As Jason stated above, Warner was the driving force behind the Scorchers’ latest comeback. “Jason kinda thought we were done,” says the guitarist. “Perry, our drummer, needs a kidney transplant and he really couldn’t do it anymore. Jeff, our original bass player, didn’t want to do it anymore. We hadn’t so much quit as just kinda stopped doing anything. But in my head it was never over. It was like, OK, we’re on hiatus. We need the right guys - and the right guys fell in our laps last year.”
The new guys are Swedish drummer Pontus Snibb and Stacie Collins’s husband and bassist Al Collins, who have combined to create a rock-solid rhythm section that is the perfect accompaniment to Warner’s big and fiery guitar sound. “I knew Al, because I had depped in the Stacie Collins band, some,” Warner explains, “And Pontius subbed for us years ago when Perry was too ill to do some dates. We never even rehearsed. We met, walked on stage and it was wonderful.
“So, the Scorchers got offered some summer festival dates, I talked to Jason and we agreed to do it. We hired Al and Pontius and we had a blast. It was the first time in a long time when every night was better than the last. The last time that happened, I guess, was back when we first started. “I think before we did those shows it was a question of how do we replace Perry, who was such an integral part of the band, and he just couldn’t physically do it anymore. It didn’t feel right moving forward without him, but he’s kinda given us his blessing now.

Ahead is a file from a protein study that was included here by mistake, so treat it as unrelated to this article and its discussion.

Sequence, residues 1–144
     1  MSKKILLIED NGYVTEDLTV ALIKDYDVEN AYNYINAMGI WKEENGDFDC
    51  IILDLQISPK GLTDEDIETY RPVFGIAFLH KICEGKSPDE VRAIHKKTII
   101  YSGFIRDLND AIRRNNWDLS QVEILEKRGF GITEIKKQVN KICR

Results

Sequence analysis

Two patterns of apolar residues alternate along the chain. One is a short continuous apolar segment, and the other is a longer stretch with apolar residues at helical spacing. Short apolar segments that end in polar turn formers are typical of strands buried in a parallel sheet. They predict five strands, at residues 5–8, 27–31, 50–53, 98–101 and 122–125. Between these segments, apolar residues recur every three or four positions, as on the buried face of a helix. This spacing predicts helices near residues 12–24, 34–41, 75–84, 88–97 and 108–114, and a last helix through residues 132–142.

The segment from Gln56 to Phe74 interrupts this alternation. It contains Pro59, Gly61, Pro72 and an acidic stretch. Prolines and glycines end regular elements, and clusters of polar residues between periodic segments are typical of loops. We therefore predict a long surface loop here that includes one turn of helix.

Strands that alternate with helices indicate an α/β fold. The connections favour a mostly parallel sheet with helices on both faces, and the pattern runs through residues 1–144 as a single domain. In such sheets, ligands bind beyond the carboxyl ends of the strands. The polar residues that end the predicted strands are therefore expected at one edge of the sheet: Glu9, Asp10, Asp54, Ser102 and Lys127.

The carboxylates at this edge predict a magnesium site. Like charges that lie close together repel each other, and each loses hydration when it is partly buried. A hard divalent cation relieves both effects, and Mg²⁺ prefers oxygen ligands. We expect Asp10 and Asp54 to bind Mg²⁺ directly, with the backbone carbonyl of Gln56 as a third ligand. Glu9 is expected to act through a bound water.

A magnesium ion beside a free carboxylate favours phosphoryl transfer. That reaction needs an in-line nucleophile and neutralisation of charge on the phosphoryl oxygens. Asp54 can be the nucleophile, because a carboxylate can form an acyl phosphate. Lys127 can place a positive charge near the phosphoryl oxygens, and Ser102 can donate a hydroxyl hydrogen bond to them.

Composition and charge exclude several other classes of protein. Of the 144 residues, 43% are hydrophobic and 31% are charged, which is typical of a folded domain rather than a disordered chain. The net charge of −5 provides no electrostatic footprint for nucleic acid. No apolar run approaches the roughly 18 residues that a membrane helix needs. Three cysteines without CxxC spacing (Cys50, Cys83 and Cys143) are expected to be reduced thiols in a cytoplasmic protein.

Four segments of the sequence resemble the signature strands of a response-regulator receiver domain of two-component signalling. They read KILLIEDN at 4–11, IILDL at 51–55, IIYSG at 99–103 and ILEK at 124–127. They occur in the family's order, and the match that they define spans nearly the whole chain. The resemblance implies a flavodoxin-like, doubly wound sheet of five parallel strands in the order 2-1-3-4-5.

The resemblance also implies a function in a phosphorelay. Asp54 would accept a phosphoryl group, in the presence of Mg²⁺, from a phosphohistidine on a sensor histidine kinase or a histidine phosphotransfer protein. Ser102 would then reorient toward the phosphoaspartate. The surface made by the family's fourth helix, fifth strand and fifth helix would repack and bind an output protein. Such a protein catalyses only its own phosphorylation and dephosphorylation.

“The first show we did in years was actually a benefit for Perry, because the medical insurance situation in the States is not good and Perry was really financially strapped. “Then when Jason saw the shows we did with Al and Pontus, he finally realised there was a way to move forward. So it just became a question of writing the songs and making the record.”
With Dan Baird, Tommy Womack and old Scorcher’s pal Ginger from The Wildhearts chipping in, the writing process went like a dream, says Warner.
“We had two weeks at my house, literally writing 24-hours a day. At one point, we had three Macs going in three different rooms, and people going from room to room, throwing in a line, then going to another room and working on a different song.”
With the resulting songs recorded largely live in the studio, Warner adds, “There was a vibe happening that we had never been able to get on a Scorchers record. We caught magic in a bottle there, in about three days.”
Although their 20-something selves surely could not have envisaged playing their energised brand of cow-punk at 50, Jason feels the band has improved with age.
“I think there’s no question about it. Certainly Warner’s playing and his discipline is so honed now. And I think I’ve become a better singer. As to why, I think some of it is Farmer Jason. My years doing that has made me concentrate so much more on enunciation, because to sing to 4-year-olds you have to be really clear what you’re singing. You have to focus on projecting your charisma through your vocals to keep their attention and I think that’s helped me in my rock’n’roll world.”
So will there be another album coming soon? “I’m always thinking that way,” Warner enthuses, “But you better not tell Jason that!” As for Jason, “I leave that to Warner! I’m just enjoying this record and this tour for what it is. I’m just delighted.”